This also meant that like most independent artists today, Rembrandt couldn’t depend solely on selling paintings to make a living, also being a teacher and art dealer. The quality that sets him apart then was his approach to the art itself. His body of work reflects a constantly experimental, evolving, learning approach to colour, light and shadow, and composition. Especially lauded for his portraits and self-portraits, he essentially brings a fresh perspective to this long-standing artistic tradition. While taking off from the Dutch tradition of realistic paintings, Rembrandt’s portraits follow in a different direction. “He starts doing portraits that are much more seductive and emotional than just copying what they are in the real world,” says Roy. Instead of stylised, near-perfect reproductions documenting a person for eternity, Rembrandt’s portraits are intense, full of emotional depth, intimately opening the sitter up to the viewer as a living, breathing person, being reflections of real people instead of detached portraits.
Although this approach allows for exciting interpretation when viewing his numerous self-portraits, many scholars suggest that while being intimate artistic explorations of his own psyche, these self-portraits were also tools of marketing himself to his target audiences. Rembrandt’s aspiration was to be invited by the courts; “there’s the market,” says Gommans, adding that working for the courts signalled the highest status for painters. So when the Dutch signalled an interest in strengthening ties with India, it was Rembrandt’s professional interest, coupled with his openness to artistic experimentation, which meant he was open to Indian artistic influences.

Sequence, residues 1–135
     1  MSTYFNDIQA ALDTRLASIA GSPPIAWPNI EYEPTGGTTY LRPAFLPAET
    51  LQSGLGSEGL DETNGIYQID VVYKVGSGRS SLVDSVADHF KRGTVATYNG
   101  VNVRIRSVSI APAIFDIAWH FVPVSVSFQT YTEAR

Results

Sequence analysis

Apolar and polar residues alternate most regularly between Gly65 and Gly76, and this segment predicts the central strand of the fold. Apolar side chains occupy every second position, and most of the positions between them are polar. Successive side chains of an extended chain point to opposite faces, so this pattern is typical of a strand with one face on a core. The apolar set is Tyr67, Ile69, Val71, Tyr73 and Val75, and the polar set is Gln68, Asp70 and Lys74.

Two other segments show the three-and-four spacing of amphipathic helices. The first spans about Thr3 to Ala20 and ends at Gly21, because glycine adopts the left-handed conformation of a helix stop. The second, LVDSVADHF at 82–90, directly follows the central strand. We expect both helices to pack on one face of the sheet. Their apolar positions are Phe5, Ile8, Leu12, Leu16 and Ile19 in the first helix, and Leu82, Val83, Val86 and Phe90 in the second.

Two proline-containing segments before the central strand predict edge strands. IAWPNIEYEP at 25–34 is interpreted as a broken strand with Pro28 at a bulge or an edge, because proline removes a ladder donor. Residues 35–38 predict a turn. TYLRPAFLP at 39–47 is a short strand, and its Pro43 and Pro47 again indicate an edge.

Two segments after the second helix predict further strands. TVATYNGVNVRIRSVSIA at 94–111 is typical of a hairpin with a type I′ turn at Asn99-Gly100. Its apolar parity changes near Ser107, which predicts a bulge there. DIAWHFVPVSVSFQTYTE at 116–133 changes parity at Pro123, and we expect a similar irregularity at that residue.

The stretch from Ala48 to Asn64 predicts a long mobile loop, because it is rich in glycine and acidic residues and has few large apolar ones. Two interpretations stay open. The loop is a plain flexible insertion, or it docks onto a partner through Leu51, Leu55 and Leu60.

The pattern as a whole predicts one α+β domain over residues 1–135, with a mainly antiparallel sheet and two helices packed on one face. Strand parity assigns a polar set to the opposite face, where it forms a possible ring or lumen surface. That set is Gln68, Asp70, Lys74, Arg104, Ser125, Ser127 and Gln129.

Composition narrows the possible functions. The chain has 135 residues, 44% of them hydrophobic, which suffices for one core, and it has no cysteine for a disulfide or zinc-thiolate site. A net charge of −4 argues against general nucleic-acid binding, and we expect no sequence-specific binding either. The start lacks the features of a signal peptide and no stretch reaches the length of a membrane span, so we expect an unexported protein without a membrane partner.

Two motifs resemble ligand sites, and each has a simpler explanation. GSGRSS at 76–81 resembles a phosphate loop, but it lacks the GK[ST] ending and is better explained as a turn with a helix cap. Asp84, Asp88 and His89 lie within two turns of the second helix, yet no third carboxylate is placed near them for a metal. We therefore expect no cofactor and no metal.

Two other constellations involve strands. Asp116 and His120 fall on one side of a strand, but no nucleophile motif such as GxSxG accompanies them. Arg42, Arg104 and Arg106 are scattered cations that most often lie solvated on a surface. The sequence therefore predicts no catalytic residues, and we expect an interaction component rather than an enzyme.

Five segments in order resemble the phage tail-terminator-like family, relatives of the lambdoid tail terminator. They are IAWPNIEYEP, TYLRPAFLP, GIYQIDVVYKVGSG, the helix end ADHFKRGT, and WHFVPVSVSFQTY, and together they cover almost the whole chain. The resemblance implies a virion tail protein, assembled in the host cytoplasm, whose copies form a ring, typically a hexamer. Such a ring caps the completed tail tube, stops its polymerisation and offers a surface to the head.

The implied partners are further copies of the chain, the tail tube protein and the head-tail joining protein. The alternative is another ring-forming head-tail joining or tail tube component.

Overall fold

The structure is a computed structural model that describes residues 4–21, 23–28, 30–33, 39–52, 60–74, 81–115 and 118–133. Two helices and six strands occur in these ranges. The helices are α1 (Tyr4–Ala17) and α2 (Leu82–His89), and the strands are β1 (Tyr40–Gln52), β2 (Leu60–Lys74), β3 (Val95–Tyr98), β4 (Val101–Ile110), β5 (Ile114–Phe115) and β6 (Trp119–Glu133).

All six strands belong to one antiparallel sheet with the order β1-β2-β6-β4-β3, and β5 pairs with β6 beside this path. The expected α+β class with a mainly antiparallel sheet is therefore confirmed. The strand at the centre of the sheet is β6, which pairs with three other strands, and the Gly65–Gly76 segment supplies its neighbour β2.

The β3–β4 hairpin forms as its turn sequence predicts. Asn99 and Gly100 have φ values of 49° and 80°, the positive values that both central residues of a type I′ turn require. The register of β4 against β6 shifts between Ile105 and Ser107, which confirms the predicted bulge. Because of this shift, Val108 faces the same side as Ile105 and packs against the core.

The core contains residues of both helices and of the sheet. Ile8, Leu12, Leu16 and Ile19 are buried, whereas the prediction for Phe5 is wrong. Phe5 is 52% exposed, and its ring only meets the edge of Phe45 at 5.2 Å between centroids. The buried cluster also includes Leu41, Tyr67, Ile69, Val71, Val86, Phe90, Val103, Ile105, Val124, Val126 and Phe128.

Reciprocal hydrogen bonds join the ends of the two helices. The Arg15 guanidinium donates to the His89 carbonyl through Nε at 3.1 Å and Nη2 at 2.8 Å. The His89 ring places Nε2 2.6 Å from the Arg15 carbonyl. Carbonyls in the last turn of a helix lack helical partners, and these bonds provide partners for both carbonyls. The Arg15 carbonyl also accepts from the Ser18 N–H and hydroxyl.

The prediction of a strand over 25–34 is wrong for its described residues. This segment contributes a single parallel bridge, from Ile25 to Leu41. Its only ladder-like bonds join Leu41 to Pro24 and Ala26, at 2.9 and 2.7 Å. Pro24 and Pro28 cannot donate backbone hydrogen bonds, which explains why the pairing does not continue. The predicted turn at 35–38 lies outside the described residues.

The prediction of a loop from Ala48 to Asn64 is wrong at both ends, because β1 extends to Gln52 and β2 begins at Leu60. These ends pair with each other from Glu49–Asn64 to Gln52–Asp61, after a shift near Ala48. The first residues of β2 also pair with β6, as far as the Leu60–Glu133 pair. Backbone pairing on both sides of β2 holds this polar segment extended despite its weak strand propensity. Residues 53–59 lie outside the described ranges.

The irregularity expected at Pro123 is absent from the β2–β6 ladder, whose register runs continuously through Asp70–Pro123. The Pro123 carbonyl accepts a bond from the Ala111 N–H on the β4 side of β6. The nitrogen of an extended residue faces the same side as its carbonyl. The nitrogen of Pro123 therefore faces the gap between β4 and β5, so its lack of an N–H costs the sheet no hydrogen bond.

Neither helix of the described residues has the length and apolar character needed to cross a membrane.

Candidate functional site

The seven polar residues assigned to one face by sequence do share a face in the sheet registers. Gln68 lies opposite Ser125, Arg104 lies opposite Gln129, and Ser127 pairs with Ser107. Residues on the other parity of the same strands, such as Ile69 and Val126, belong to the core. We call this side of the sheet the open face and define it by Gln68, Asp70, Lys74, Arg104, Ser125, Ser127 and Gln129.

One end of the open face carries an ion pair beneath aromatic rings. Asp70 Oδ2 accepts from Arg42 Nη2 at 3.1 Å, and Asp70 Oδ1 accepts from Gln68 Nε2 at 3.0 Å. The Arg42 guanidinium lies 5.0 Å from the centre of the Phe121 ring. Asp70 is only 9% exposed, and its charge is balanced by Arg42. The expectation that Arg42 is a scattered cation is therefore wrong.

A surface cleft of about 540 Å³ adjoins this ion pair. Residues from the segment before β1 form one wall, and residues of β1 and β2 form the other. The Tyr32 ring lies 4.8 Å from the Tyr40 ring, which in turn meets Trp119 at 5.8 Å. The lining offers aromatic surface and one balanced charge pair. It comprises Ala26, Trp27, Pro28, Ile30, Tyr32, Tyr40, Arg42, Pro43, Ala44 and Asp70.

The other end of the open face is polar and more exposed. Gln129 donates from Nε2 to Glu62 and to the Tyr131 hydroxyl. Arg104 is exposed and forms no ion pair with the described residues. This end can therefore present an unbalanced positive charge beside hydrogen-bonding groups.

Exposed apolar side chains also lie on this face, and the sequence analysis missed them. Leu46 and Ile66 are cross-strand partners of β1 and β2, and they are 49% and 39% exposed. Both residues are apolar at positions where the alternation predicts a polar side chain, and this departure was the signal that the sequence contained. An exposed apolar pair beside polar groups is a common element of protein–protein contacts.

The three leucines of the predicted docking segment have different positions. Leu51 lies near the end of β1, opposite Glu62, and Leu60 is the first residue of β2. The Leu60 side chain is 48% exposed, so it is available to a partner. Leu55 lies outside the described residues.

“The Dutch wanted to make an impression at the Mughal court. They wanted to sell in the Indian market,” says Gommans. And in this context, a shared visual identity became symbolic of the strengthening connection between the two countries, explained Gommans at a talk at the CSMVS. Rembrandt readily delved into the Indian art world, understanding the artistic tradition, technique, drawing style and materials. He was most influenced by the famed Mughal miniatures, popular at the time, empathising with them and finding ways to integrate their techniques and styles into his own style. “Rembrandt, knowing that he was facing a visual culture that he considered superior, [said] ‘let’s try and see whether we can learn [through] drawing and copying these miniatures’,” explains Gommans.
This exchange certainly worked both ways, with many Indian artists also being influenced by European paintings during the period. “Indian painters became interested in landscapes and perspectives as a result of their curiosity for European painters,” says Gommans. One example is the miniaturist Keshu Das, active during Akbar’s court, and remembered most prominently “as the preeminent and creative explorer of the European mode at the Mughal court.” Famed for painting European figures in front of Indian and ‘Oriental’ backgrounds, his most famous works include St Matthew the Evangelist and Minerva, among others.
Besides subject and theme, Indian artists were also being introduced to new techniques, most prominently the concept of perspective in Western art. “India was learning the idea of perspective from the realist Dutch paintings,” says Roy, adding that in early Indian paintings, “we always show things that are important as big and things that are not important as small.” So the idea of putting certain things in the foreground and others in the background was largely introduced to Indian artists through the Europeans. “And there are examples of one or two miniature paintings put on display from the Indian collection which show nuances of how the Indian miniature artist is developing his skill in perspective,” adds Roy about the exhibition.
India and the Netherlands in the Age of Rembrandt is on display at the Extension Wing of the Special Exhibitions Gallery at the CSMVS in Mumbai, until 16 December, 2019.
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Updated Date: Nov 04, 2019 09:25:59 IST